It is not right that girls cannot excel in science, technology or maths. The world has proven it many times.
Now a scientific study has endorsed it once again, that it is just a myth that women cannot thrive in science or engineering or mathematics due to biological deficiencies in math aptitude.
Jessica Cantlon at Carnegie Mellon University led a research team that comprehensively examined the brain development of young boys and girls. The research found that there is no gender difference in brain function or math ability.
“Science doesn’t align with folk beliefs,” said Cantlon, the Ronald J. and Mary Ann Zdrojkowski Professor of Developmental Neuroscience at CMU’s Dietrich College of Humanities and Social Sciences and senior author on the paper. “We see that children’s brains function similarly regardless of their gender so hopefully we can recalibrate expectations of what children can achieve in mathematics.”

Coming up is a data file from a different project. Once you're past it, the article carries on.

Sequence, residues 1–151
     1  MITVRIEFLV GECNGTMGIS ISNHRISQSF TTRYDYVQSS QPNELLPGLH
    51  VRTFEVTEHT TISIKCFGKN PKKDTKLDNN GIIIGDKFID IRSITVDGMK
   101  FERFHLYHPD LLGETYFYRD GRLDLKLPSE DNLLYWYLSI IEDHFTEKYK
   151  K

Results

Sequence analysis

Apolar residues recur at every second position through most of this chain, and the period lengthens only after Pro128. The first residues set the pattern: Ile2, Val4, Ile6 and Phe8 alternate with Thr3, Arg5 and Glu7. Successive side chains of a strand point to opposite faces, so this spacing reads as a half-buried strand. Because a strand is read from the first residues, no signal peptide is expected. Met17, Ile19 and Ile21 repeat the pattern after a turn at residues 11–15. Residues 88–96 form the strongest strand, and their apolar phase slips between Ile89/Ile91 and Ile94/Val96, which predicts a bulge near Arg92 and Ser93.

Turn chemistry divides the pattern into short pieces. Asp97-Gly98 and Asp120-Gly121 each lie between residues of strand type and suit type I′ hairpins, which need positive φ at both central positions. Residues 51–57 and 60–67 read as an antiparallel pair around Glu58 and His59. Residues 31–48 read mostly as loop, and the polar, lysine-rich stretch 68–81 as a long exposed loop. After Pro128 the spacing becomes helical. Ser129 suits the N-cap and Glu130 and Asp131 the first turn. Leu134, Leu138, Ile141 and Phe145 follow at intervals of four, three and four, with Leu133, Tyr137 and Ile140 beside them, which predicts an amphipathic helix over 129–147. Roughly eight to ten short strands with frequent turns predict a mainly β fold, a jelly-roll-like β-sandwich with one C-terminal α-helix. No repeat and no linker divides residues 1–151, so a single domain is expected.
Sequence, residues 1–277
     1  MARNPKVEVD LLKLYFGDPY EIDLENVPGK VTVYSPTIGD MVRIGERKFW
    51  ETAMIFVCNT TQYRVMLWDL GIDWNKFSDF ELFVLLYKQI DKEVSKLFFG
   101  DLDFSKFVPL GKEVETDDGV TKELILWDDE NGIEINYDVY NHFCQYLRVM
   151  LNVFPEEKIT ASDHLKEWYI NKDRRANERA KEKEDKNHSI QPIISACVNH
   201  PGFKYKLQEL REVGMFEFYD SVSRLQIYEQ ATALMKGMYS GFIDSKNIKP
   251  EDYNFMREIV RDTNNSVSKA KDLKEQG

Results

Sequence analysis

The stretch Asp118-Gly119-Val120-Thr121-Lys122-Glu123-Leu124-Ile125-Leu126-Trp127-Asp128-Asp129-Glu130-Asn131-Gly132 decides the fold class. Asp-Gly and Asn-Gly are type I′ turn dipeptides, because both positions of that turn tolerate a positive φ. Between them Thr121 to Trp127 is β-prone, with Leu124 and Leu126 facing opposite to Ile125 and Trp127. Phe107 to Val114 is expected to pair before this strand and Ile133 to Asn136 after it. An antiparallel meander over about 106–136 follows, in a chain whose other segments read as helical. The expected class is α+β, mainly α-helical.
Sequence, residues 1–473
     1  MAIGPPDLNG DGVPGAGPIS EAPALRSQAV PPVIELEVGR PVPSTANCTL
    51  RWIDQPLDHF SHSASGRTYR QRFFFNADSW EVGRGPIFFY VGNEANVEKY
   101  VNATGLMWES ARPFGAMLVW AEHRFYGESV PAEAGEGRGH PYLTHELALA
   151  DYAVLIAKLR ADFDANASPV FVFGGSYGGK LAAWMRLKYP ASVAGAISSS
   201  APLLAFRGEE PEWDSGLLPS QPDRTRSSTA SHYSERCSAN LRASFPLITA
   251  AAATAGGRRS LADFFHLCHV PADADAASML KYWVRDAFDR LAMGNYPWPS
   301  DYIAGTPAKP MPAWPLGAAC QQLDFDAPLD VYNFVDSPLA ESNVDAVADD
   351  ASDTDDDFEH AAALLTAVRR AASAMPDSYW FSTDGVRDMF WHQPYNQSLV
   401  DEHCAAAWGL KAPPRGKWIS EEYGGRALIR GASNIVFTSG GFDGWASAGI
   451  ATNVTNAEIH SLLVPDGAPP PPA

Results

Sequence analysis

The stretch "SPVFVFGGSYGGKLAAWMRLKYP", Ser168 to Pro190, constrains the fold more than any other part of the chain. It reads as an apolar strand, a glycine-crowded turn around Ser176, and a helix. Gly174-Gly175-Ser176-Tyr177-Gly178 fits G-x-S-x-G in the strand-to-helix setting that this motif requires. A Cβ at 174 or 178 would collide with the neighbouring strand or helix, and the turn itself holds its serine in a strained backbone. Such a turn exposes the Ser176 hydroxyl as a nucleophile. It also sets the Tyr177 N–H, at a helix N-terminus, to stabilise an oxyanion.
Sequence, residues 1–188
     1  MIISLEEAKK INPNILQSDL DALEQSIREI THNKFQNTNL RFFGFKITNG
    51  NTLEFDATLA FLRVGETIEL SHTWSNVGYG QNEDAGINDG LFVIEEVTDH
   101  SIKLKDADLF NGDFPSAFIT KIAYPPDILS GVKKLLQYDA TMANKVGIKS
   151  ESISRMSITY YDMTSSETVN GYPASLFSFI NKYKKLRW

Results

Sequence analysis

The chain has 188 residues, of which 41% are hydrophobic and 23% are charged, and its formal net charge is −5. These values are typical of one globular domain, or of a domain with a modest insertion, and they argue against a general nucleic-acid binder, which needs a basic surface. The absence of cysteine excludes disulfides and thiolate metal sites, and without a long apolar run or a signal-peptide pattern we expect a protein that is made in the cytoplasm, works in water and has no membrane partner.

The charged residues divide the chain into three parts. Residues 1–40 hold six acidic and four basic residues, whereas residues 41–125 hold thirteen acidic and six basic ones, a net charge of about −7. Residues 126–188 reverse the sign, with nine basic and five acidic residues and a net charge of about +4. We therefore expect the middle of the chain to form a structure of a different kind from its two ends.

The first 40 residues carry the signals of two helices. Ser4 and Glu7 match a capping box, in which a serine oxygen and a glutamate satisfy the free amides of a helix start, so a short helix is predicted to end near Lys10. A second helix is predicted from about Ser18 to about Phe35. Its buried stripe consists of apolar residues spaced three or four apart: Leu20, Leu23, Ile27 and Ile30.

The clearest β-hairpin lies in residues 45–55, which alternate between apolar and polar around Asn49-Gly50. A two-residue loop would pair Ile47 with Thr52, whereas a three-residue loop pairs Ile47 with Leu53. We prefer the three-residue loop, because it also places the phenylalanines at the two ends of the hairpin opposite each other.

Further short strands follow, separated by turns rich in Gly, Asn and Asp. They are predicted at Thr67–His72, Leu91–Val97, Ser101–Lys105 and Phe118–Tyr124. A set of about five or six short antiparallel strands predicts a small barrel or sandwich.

The team used functional MRI to measure the brain activity in 104 young children (3- to 10-years-old; 55 girls) while watching an educational video covering early math topics, like counting and addition. The researchers compared scans from the boys and girls to evaluate brain similarity.
They found no difference in the brain development of girls and boys. There is also no difference in how boys and girls processed math skills and were equally engaged while watching the educational videos. Finally, boys’ and girls’ brain maturity were statistically equivalent when compared to either men or women in the adult group.